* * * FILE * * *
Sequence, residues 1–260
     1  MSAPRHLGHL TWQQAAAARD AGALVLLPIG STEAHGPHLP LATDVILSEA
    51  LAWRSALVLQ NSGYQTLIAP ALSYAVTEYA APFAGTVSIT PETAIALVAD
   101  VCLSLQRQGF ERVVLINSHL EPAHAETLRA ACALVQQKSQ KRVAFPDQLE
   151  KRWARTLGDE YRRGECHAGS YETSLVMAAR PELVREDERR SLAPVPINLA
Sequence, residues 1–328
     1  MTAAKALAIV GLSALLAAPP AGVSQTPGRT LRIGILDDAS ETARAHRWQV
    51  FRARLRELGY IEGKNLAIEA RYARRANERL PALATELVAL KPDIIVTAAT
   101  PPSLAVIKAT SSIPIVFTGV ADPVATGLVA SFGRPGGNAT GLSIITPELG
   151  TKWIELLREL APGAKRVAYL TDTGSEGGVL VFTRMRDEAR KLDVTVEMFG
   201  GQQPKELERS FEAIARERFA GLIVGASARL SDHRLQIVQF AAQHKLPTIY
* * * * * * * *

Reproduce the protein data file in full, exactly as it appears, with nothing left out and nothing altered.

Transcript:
Sequence, residues 1–260
     1  MSAPRHLGHL TWQQAAAARD AGALVLLPIG STEAHGPHLP LATDVILSEA
    51  LAWRSALVLQ NSGYQTLIAP ALSYAVTEYA APFAGTVSIT PETAIALVAD
   101  VCLSLQRQGF ERVVLINSHL EPAHAETLRA ACALVQQKSQ KRVAFPDQLE
   151  KRWARTLGDE YRRGECHAGS YETSLVMAAR PELVREDERR SLAPVPINLA
Sequence, residues 1–328
     1  MTAAKALAIV GLSALLAAPP AGVSQTPGRT LRIGILDDAS ETARAHRWQV
    51  FRARLRELGY IEGKNLAIEA RYARRANERL PALATELVAL KPDIIVTAAT
   101  PPSLAVIKAT SSIPIVFTGV ADPVATGLVA SFGRPGGNAT GLSIITPELG
   151  TKWIELLREL APGAKRVAYL TDTGSEGGVL VFTRMRDEAR KLDVTVEMFG
   201  GQQPKELERS FEAIARERFA GLIVGASARL SDHRLQIVQF AAQHKLPTIY